Havaldar Lalak Jan embraced Shahadat on 7 July 1999 and hailed from Northern Light Infantry Regiment. The chivalrous soldier offered himself and volunteered on being deployed at top front positions. The brave Havaldar wreaked havoc on the enemy with some of the major losses. On the day of his martyrdom, the brave soldier got seriously injured due to heavy attacks of the enemy but still defended the land, he was situated on. Later on, succumbed to his wounds and got Nishan-e-Haider.
Pilot Rashid Minhas, was inducted in the regiment number 2, Fighter Conversion Unit (FCU) and was martyred on August 20, 1971. On the day of his martyrdom, a Bengali Pilot deliberately forced into his cockpit while he was taking his aircraft in the direction of the runway. The Instructor Pilot(IP) gained control of the craft and went towards India. After getting consciousness, the brave Rashid Minhas realized the situation and being unable to fight the Bengali owing to injuries he pushed the plane and crashed it. He successfully crashed the aircraft inside Pakistan’s Territory. He sacrificed his life for the dignity of the nation and was awarded Nishan-e-Haider.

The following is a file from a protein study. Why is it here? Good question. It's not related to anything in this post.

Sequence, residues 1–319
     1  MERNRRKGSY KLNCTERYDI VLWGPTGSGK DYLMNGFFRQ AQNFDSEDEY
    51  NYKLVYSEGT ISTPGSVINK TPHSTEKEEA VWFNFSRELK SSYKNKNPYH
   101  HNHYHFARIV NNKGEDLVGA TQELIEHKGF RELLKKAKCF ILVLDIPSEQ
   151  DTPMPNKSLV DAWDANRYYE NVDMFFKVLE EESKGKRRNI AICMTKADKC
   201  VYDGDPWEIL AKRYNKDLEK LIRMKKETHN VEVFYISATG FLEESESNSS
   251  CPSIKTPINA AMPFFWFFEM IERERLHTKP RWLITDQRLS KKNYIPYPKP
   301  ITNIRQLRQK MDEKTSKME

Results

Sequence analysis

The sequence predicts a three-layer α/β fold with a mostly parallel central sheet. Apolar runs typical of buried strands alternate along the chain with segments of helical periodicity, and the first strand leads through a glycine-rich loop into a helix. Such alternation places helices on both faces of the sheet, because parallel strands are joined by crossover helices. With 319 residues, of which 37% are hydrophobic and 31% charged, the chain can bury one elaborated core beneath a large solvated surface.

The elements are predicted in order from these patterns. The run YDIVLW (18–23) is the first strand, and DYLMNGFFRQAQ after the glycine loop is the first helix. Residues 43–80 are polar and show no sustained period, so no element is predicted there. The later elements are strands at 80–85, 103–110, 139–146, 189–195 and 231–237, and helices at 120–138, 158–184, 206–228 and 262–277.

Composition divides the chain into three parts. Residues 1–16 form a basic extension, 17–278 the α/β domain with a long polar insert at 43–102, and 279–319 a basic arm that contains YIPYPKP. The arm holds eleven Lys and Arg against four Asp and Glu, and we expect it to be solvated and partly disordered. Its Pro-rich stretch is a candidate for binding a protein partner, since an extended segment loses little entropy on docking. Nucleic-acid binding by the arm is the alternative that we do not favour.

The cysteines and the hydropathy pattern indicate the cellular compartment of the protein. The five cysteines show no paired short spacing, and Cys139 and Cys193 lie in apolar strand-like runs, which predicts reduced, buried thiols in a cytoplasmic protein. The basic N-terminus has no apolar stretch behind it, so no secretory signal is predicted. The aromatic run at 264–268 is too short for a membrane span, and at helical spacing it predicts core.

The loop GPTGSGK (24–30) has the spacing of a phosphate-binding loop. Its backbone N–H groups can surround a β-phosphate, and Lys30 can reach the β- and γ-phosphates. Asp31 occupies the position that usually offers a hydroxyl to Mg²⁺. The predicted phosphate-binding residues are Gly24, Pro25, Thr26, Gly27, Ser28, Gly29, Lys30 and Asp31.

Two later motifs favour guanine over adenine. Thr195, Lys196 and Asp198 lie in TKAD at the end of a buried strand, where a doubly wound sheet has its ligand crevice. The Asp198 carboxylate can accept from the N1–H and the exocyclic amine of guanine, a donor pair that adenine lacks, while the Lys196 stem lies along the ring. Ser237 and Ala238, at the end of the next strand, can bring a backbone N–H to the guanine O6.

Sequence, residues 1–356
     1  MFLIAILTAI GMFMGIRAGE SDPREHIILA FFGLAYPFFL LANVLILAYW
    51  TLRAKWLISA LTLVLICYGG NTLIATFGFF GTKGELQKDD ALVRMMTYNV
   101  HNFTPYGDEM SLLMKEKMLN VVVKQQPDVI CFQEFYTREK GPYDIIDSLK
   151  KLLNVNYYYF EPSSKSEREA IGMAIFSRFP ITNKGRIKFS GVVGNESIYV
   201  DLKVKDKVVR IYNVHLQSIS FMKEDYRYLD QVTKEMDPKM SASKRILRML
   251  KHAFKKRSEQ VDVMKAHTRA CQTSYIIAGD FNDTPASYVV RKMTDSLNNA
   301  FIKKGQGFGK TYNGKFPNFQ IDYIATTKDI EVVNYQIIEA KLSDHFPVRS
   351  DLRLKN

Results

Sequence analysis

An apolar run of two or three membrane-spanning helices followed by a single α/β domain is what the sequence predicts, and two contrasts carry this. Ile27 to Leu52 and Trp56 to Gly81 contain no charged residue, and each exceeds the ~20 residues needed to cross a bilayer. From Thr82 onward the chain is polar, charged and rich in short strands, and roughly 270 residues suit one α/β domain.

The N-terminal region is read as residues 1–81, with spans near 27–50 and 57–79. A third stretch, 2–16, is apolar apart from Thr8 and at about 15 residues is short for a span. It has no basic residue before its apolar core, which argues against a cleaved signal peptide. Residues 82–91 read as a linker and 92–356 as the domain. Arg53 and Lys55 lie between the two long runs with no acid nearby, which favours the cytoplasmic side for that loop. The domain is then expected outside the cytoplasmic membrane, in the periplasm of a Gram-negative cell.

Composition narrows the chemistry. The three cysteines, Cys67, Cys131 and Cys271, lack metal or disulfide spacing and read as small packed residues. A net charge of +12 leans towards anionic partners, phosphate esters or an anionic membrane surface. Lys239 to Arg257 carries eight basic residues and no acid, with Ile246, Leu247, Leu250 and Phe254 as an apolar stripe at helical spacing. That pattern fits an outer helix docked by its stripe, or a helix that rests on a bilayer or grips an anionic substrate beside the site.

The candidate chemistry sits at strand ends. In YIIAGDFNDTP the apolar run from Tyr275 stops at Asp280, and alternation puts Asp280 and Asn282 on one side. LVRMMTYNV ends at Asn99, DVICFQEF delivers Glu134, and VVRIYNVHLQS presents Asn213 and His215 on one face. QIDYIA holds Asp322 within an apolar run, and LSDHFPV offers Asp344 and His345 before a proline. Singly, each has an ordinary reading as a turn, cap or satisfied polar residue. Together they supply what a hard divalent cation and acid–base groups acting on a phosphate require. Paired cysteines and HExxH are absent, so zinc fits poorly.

Captain Raja Muhammad Sarwar
Captain Raja espoused Shahadat on July 27, i948, and belonged to Punjab Regiment. In 1948, in a war over Kashmir with India Captain Sarwar initiated an attack in the Uri Sector and greatly damaged the enemy. He volunteered to destroy the enemy’s spiked wires in order to advance his forces into the rival’s sector. However, in doing that he got martyred and was awarded Nishan-e-Haider.
Major Shabbir Sharif